First off, the base card. The 2010-11 base cards are horizontally aligned and feature geometric elements set amongst a dark gray/black/off white background. This is a sharp design that really looks great! Gold foil highlights the player's name, team logo, and the SPx logo. I really think that UD has come up with something very classy and modern here. It's a really dressed up based card! The more I look at it, the more details I see that I like. Whoever came up with this design gets a huge thumbs up from me! I can't really complain about anything. For people who like seeing the hockey rink and fans, I can see why this type of card may not appeal, but other than that I can't find any fault. Nice job here.

To collect the entire numbered set of SPx you'll have to chase limited rookie cards and a hard to pull subset called Flashback Fabrics. Above you will see an example of an SPx rookie numbered to just 499. This rookie card features a dark gray foil background. Instead of being horizontal, the card is upright. These rookie cards are not as eye catching as the base cards to me. I think the dark foil makes the card disappear a bit too much. The light greenish corner borders on the top and bottom right corners don't go as well with these as they do with their jersey card counterparts.

Speaking of which, here it is - the auto-jersey counterpart. These cards are nice because they feature both a piece of jersey as well as the player's autograph. It's strange, though, that these jersey autos have a higher serial numbering than the ones that don't have it. The white background on these cards really brighten up the look of it, and the background actually compliments the green corner borders. This is an eye catching card and the piece of fabric it comes with has a nice prominent position on the front of the card. As usual with rookie jersey cards now, the memorabilia comes from an event rather than an actual game. I'm not too picky about that, but there are many who really just want the game-used pieces.

Fortunately, there are actual game-used cards in the regular numbered set. These come in the form of a subset called Flashback Fabrics. These cards use a quasi-retro design. The Wendel Clark I got is a very nice and clean card. The colors on the card go really well with hockey, and having the player in black and white keep up the retro flair. The Flashback Fabrics set is a difficult one to complete though. These cards are case-hits, I believe, and there are autographed versions that are an even harder pull. Good luck with it if you're interested in getting them all.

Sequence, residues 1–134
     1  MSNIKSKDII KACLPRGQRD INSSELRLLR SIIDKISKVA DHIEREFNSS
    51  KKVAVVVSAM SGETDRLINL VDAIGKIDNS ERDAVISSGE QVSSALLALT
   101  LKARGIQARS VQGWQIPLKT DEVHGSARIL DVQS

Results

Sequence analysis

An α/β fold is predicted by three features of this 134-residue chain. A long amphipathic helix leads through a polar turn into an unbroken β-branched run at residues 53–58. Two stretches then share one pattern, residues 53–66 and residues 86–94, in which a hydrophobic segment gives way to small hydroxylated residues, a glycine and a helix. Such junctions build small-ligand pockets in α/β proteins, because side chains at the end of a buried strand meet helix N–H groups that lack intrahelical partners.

Base Design Score:

Inserts/Game-Used/Autos -
I've seen a lot of breaks so far of SPx and it seems like people are getting 5 or 6 hits per box. Most people expected 4 hits, so getting 1 or 2 more is great. I got 5 hits in my box and was quite happy. The standard jersey card in SPx is called Winning Materials.

These cards feature 2 jersey pieces. The basic design of the card mirrors that of the base card except with a lot less geometric business going on. I usually like a card that is cleaner and plain, but I feel that it would have been nice to fill in some of that white background with a design of some sort. They really could have just taken a page from the base card design and re-used it just like they did for most of the card, but they chose not to. In my opinion these standard jersey cards are nicer than the ones from Series 1 and Black Diamond.

Winning Combos cards feature 2 players instead of 1. These cards are horizontal and have a very similar design to the Winning Materials. I like how you can tell that these cards are definitely in the same card 'family'. My only complaint about the dual jersey card is that putting the team logo in a blank space of the card reminds me of what Panini does to take up room where there should be an autograph of game-used piece.

The final memorabilia card I received was from the Rookie Materials set. I think these cards are very nice looking. The light green background with the swirling geometric grid lines is a nice looking design element. The card is very modern looking and each part of the card comes together very well. Since I got Braden Shenn, my jersey piece was purple which complimented the colors used on the card perfectly.

My final insert was a limited SPx Finite Rookie insert card. The card is limited to just 499 and shares some similar design elements of the Rookie Materials inserts set - notice the left border in particular. It's a card that features a lot of foiling. I've noticed that in SPx, if a card doesn't have a memorabilia piece, it gets a lot of foil treatment. Well, I guess it had to have something!

Inserts/Game-Used/Autos Score:

Overall Rating -
This year's SPx is definitely a great surprise. I wasn't too happy with SP Game-Used this year, and I wasn't sure if Upper Deck could pull it off with SPx - but they did. I would definitely choose SPx over SPGU this year. The value that comes from a box is so much better - on average. Plus, boxes of SPx are currently about $50 cheaper than SPGU. I think it's a no-brainer which one to choose for those on a budget.

Also going for SPx is the look and design of it. The cards are very well done this year. I think that SPx has always 'tried' to make a futuristic product, but with this year's cards I don't think they tried - they just did. UD has come out with a fantastic looking set that is fun to break with some good value per box.

I definitely want to pick up another box of this stuff!

Overall Rating:
(not an average)

Check out my box break from the Hobby Box below!